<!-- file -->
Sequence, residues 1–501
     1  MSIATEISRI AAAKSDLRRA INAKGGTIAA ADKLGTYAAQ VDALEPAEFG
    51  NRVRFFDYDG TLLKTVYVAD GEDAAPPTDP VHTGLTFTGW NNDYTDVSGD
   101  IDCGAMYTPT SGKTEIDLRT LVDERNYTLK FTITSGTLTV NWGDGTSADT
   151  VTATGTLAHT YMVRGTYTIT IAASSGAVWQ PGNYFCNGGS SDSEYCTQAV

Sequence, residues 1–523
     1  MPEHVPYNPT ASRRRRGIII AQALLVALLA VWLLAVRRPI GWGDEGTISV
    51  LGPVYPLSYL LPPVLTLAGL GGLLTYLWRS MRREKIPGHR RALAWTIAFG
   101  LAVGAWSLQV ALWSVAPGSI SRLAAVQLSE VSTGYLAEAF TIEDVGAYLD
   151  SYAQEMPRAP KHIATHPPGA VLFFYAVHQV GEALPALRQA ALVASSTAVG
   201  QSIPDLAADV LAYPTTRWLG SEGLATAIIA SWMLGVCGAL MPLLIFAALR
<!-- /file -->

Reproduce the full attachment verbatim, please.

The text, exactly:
Sequence, residues 1–501
     1  MSIATEISRI AAAKSDLRRA INAKGGTIAA ADKLGTYAAQ VDALEPAEFG
    51  NRVRFFDYDG TLLKTVYVAD GEDAAPPTDP VHTGLTFTGW NNDYTDVSGD
   101  IDCGAMYTPT SGKTEIDLRT LVDERNYTLK FTITSGTLTV NWGDGTSADT
   151  VTATGTLAHT YMVRGTYTIT IAASSGAVWQ PGNYFCNGGS SDSEYCTQAV

Sequence, residues 1–523
     1  MPEHVPYNPT ASRRRRGIII AQALLVALLA VWLLAVRRPI GWGDEGTISV
    51  LGPVYPLSYL LPPVLTLAGL GGLLTYLWRS MRREKIPGHR RALAWTIAFG
   101  LAVGAWSLQV ALWSVAPGSI SRLAAVQLSE VSTGYLAEAF TIEDVGAYLD
   151  SYAQEMPRAP KHIATHPPGA VLFFYAVHQV GEALPALRQA ALVASSTAVG
   201  QSIPDLAADV LAYPTTRWLG SEGLATAIIA SWMLGVCGAL MPLLIFAALR